Hennah (SWIFT): SWIFT does have the potential to help the banks in these areas. We already have SWIFT SCORE which provides corporate access to multiple banks and we’re enhancing our traditional trade messages to support corporate to bank communications. So already, we’re starting to go down that road of helping corporates to communicate with multiple banks using a common standard via a single interface. But this is an evolutionary process and there is plenty of scope to build on that going forward.
But we have not yet debated the hottest topic of all, the TSU, the Trade Services Utility. Four of the five banks here are actually subscribed to the TSU. Perhaps I could just give a quick summary.
The TSU was made commercially available in April 2007 and now has more than 60 banks across 73 locations in 25 countries. We’ve also got five software vendors accredited to work with banks to integrate TSU functionality into their front office and back office systems. Plus, of course, banks such as J.P. Morgan who have similar applications that they are able to make available to other banks on a white label basis. So, this whole exercise in the first year, really, has been about building community and I feel that we’ve been extremely successful in terms of building that community.
Now the next step down the line, of course, is to generate volume and generate revenue. There is a huge amount of activity in terms of testing and training, but still not a huge amount of activity in terms of live traffic. It will take time for those volumes to evolve and to encourage growth, we will also introduce new features with Release 2.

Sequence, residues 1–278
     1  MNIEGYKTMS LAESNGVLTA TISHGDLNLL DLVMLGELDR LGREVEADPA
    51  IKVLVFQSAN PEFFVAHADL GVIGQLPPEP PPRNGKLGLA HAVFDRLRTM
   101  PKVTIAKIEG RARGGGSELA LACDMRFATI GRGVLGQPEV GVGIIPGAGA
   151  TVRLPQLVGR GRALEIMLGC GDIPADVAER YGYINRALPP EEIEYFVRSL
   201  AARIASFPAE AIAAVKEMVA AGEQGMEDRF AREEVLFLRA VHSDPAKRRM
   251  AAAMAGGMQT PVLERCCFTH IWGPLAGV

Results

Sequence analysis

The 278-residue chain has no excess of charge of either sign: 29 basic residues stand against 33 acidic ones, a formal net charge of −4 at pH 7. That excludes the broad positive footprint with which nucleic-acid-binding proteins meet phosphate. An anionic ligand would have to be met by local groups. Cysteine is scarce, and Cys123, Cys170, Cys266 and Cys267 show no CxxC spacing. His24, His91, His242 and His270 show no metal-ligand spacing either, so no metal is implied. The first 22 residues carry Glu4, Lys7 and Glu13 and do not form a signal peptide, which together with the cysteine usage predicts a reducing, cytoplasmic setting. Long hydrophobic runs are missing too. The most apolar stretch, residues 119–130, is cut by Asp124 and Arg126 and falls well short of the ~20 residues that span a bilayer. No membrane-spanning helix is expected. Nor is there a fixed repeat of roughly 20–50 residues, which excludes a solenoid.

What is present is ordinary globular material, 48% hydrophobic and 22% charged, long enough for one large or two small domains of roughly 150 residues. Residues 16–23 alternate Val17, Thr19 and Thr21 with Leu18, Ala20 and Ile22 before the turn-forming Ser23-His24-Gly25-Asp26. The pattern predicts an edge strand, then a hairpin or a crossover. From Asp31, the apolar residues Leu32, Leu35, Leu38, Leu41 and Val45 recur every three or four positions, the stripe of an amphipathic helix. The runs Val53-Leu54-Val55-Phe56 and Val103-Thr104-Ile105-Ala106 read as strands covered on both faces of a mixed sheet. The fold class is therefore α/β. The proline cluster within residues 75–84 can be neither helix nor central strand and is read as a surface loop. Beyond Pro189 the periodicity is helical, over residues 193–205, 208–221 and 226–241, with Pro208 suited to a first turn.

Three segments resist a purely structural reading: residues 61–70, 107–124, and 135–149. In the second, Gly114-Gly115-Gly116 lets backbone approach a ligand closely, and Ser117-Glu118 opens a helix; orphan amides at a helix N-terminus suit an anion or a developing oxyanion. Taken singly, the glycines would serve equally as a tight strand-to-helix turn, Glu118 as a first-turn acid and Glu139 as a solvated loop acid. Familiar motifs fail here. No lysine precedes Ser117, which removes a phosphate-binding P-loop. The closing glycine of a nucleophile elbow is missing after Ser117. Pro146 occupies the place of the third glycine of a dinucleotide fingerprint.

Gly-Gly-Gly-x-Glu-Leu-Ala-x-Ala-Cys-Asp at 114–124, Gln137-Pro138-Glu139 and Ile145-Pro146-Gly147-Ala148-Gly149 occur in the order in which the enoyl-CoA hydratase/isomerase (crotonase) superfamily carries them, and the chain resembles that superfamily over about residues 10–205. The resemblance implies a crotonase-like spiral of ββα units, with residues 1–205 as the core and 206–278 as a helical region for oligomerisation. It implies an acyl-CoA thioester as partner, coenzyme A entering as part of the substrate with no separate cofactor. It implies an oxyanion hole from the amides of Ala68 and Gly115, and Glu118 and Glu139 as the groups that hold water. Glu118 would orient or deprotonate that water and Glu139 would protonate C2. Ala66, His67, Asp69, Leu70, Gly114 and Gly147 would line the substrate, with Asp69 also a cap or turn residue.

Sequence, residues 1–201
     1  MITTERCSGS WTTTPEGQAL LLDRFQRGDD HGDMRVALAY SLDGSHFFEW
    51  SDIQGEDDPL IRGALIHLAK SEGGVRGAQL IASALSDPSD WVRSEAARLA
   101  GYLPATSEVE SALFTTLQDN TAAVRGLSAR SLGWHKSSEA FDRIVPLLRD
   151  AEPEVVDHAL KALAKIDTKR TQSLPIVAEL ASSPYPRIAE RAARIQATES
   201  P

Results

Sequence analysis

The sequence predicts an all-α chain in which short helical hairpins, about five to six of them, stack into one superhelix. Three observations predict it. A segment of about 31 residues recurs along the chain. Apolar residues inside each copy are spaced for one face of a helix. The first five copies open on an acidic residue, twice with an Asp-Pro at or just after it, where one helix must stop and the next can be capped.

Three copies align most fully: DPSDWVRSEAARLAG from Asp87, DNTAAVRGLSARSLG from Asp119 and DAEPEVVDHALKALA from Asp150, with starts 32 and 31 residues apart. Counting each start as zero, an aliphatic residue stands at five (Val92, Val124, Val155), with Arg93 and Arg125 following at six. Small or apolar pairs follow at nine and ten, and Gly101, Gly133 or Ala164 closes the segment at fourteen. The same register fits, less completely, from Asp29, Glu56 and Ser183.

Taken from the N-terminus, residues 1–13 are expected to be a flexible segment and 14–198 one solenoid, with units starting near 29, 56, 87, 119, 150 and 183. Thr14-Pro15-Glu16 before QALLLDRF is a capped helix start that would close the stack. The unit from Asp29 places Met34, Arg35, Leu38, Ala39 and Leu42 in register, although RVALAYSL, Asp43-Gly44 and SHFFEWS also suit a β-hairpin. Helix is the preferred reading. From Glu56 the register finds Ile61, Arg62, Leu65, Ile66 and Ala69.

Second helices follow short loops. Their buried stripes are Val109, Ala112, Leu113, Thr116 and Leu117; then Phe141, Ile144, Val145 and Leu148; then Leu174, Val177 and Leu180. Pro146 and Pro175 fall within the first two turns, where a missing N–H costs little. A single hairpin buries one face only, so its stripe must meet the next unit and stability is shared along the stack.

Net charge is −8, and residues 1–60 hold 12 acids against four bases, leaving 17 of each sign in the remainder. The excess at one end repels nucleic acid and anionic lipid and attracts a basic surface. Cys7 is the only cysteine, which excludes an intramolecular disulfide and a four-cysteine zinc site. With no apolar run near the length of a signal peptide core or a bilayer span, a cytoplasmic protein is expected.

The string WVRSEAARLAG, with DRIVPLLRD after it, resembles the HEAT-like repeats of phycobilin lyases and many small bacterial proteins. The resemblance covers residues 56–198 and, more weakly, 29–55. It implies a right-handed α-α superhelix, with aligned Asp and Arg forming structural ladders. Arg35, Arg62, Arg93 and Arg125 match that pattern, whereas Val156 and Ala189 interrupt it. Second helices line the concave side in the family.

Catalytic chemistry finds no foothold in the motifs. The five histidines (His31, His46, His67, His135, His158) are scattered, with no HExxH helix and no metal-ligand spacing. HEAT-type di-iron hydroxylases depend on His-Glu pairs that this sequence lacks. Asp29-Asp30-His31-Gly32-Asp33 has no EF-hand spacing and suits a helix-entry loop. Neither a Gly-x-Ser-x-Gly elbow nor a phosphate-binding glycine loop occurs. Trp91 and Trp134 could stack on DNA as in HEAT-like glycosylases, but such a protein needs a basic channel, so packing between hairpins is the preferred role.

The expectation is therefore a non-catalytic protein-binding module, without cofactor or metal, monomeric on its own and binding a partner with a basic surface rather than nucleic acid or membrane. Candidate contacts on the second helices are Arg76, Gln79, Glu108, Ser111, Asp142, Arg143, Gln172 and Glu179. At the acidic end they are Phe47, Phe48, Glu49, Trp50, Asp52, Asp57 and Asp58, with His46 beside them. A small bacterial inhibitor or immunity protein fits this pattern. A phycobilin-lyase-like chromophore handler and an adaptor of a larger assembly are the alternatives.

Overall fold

Parkinson (TT): What will this do?
Hennah (SWIFT): Release 2 will support a model which involves more than two banks to a transaction, so it introduces the concept of syndication whereas today it’s just a two bank model: buyer bank, seller bank.
We will also support additional data sets. At the moment we have purchase order, commercial invoice and transport. In the next Release we will also support insurance and certificates. There is also going to be a reference in the payment message that will enable automatic reconciliation between the TSU transaction and the settlement instruction. And there will be two additional messages. One is called the NIP, which is a Notice of Intent to Pay. This is actually a corporate message, so it’s the corporate’s Notice of Intent to Pay, conveyed from one bank to the other. But it’s not a legal obligation. The second one is a Bank Payment Obligation, which is a true obligation on the part of the bank to pay. That will strengthen the value proposition, particularly from the exporter bank perspective, and I believe encourage wider usage in a live environment. So that is where we are today.
Amo Mena (Santander): I really think that TSU arrived on the scene quite early for many banks but its day will come and I do believe it’s the right way to go.
van Beusekom (Fortis): Aren’t you adding an extra level with the NIP, the Notice of Intent to Pay? That’s exactly one of the modules we have been looking for for some time.
Aldred (J.P. Morgan): It’s not irrevocable.
Hennah (SWIFT): It’s not a legal obligation but it does provide an additional level of comfort.
Collard (LTSB): But the more credibility the corporate builds up from the fact they have paid in the past will mean others will want to do business with them in the belief they’re going to get paid, which is the eBay model.
Hennah (SWIFT): I truly believe the TSU has the potential to be anything that we want it to be, and it’s up to all of us to mould it in the right direction.
Parkinson (TT): Thank you everyone.
Thanks again to our participants